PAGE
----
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Catch-Up Betting In Blackjack Tournaments

Catch up betting is a technique used in blackjack tournament strategy and it is meant for people who are trailing the chip leader. Almost everyone who has played in a tournament will need to catch up to someone at some time or another and that is why it is important to make the correct moves. It is also critical on when you need to make a catch-up bet as timing is crucial as well.

Deciding on how to catch up

Some of the things you need to factor in when making a decision is how far you are behind the chip leader and how aggressive the leader is. In some cases, if the chip leader is betting large, it may be smart just to wait for awhile, especially early in the game. The reason is eventually the competitor in the lead will probably take a hit and lose a bunch of chips anyways. You may be surprised to know that the best way to catch up to someone is to do the opposite of whatever they are doing. This is how many of the experts do it because they all know that in blackjack tournaments, the hand usually ends similarly to everyone else.

For example, if you are doing what your competitor is doing, yet you are behind in chip count, then you will most likely win and lose just as often. With fewer chips than your opponent, you will tend to always trail them. If you do the opposite such as betting small when they are betting big, they would likely lose a lot of money and you would win a small amount of money on the same hand because of similar outcomes, especially when the dealer has a natural blackjack.

When is the best time to implement catch up betting techniques?

The best time to do it is when you are still within a single maximum bet of them. You would want to overtake their lead in one hand instead of making smaller bets and trying to take the lead with multiple small and medium sized bets. You will know when the best time to catch up is. Basically when the leader starts betting small, this is the best opportunity to bet opposite of them and make big large bets. Sometimes it will take a little bit of luck to help catch up when you are behind by several times the maximum bet or your entire bankroll though. Still, this is a great time to use this strategy, especially if they are marginalizing your betting patterns to prevent you from winning.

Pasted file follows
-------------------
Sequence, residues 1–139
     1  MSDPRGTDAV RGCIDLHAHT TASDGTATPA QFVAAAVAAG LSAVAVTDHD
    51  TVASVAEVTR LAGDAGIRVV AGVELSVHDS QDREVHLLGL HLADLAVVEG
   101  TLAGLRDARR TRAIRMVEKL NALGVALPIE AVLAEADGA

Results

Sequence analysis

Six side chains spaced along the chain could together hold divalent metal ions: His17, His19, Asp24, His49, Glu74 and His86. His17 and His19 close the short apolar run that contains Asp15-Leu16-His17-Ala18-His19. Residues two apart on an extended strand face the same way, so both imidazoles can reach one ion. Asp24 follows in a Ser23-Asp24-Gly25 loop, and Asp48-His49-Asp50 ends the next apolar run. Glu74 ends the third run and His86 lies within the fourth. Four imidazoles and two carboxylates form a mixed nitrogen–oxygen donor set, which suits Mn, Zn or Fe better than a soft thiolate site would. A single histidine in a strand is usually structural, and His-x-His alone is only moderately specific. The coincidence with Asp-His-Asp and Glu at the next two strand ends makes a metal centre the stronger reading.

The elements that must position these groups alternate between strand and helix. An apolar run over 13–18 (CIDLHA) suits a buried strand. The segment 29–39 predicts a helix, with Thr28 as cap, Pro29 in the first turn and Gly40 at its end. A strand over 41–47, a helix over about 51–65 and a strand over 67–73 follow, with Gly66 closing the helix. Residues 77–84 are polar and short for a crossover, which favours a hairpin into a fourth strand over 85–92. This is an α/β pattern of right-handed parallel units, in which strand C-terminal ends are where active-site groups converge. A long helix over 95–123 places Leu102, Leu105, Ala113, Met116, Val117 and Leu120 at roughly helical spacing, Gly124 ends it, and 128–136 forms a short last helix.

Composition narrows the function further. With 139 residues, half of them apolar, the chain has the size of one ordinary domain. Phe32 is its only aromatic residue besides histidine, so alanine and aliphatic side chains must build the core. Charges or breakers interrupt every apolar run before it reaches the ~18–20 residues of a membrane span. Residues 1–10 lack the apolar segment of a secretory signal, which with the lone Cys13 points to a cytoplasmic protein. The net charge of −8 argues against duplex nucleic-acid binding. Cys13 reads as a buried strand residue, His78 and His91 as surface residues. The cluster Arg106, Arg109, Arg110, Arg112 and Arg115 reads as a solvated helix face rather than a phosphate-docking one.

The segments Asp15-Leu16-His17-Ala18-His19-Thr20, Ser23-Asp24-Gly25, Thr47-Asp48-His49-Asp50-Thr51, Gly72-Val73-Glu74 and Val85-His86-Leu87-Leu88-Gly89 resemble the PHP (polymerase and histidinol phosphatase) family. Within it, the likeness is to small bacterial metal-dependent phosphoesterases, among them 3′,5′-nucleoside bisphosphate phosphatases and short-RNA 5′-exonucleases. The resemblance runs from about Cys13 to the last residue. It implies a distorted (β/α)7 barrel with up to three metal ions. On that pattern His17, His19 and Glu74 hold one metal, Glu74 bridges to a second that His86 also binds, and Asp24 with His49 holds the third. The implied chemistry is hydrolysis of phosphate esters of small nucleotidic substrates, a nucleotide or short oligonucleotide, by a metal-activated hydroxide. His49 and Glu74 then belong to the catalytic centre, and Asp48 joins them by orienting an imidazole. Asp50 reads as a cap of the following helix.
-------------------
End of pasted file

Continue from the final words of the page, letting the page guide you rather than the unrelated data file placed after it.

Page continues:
There is also some strategy involved in timing when to take the lead. It depends on your table position or where the button is on the table. If you would like to read about table positions, we have an in-depth and detailed guide about blackjack table position strategy that you may like to read. The idea is to wait until the button passes you on the table. When this happens, you get to be the last person to bet and you have the benefit of seeing all of your opponent's moves before making your own. This information is invaluable and is key to making a catch up betting run when you are the underdog. You will usually want to do this near the end of the game when it is harder for your competitors to catch up if you do take the lead.

How much money is a good enough value to bet?

If you are betting right after the button passes you, you should bet just enough to take the lead. This is paramount to risk management and you should not bet more than is necessary as this is the correct strategy. Just bet enough to take the lead and not a cent more. It becomes more difficult to figure out how much to bet later on as the button starts moving down the table as you do not has as much information available. The worst position to be in is when the button is right over you and you have to make the first move and everyone else gets to see that move, especially if the chip leader can put margin your own bet.